Another conjugated CD33 antibody that has shown marked activity both in vitro and in vivo is IMGN779.40,41 Its activity appears to be more selective to leukemic stem cells while sparing normal hematopoietic stem cells (HSCs), suggesting a potential for reduced myelosuppression. It is currently in a phase Ib trial in patients with relapsed AML (NCT02674763).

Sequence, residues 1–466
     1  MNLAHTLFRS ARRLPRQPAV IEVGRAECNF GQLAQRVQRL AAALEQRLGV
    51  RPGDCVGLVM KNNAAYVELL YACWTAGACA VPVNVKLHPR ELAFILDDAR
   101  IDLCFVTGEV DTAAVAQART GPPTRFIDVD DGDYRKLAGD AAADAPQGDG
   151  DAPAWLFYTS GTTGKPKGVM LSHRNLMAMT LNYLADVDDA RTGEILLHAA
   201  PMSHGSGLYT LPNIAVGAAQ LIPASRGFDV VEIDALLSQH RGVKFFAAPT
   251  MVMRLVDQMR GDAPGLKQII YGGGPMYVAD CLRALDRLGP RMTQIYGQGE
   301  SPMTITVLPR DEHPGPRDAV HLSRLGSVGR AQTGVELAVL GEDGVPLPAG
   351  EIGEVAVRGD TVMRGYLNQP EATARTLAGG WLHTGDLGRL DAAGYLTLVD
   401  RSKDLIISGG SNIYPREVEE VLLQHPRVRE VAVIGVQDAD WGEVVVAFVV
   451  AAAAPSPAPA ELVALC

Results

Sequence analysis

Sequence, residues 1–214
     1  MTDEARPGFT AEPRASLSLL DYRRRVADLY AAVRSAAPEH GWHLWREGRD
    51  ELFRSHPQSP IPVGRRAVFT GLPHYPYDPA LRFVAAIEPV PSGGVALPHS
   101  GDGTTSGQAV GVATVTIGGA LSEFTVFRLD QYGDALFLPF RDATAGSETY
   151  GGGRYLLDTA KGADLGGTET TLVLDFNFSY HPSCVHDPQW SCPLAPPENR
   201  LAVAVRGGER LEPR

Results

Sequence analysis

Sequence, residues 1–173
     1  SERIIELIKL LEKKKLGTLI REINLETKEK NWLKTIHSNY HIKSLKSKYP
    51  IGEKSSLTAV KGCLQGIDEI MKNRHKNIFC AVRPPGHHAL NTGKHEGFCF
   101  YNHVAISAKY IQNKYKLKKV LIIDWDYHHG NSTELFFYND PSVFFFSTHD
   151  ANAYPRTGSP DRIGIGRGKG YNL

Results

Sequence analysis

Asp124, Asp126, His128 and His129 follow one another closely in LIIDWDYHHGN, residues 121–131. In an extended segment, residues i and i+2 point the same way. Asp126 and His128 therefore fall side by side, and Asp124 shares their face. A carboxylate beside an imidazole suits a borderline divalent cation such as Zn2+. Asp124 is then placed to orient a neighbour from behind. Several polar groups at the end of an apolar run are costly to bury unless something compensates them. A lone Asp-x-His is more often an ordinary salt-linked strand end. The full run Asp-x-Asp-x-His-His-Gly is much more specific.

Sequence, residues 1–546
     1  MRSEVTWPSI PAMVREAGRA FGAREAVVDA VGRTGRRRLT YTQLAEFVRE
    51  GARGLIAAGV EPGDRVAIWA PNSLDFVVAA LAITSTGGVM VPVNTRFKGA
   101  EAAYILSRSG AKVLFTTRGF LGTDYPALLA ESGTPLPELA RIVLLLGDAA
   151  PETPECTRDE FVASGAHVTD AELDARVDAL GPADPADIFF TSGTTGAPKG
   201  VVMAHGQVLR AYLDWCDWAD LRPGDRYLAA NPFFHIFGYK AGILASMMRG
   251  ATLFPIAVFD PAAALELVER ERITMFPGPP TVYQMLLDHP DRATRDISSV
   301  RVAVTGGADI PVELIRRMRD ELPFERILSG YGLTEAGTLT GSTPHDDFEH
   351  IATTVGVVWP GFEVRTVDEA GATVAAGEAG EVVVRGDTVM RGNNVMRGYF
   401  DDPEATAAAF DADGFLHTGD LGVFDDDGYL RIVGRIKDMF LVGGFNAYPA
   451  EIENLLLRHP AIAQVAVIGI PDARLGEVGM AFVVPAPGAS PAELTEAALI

Overexpression of the interleukin-3 (IL-3) receptor α-chain (IL-3 Rα/ CD123) on AML cells is associated with enhanced blast proliferation, disease relapse, and drug resistance in AML.42,43 Clinical activity was modest with the first-in-class anti-CD123 antibody (CSL360).44 Two second-generation antibodies (CSL362, SL-401) are being evaluated in phase I/II clinical trials. CSL362, a fully humanized antibody with a modified Fc-domain to enhance NK cell binding, was evaluated as postremission treatment in a phase I study involving 25 patients with CD123+ AML (in first or second CR), and it was able to prolong CRs beyond 6 months (26-52 weeks) in 10 of 20 evaluable patients.45 SL- 401 (DT388IL3), a human IL-3 ligand fused to a truncated diphtheria toxin,46 was evaluated in a phase I trial in 74 R/R or high-risk de novo AML patients, and it produced an ORR (CR + PR + disease stabilization) of 27% (20 of 74) and CR/CRi rate of 2.8% (2 of 74).The median survival of second-salvage AML patients treated in this trial (n = 33) was 3.2 months (range, 2-8.4), with 22% alive at 1 year.47 This compound is currently being evaluated in 3 phase II trials in hemato- logical malignancies including 1) in patients with relapsed AML and relapsed/frontline blastic plasmacytoid dendritic cell neoplasm; 2) maintenance after completion of consolidation in patients with high- risk AML patients who are not candidates for or have refused ASCT; and 3) in chronic myeloid disorders (NCT02113982, NCT02270463, and NCT02420873, respectively).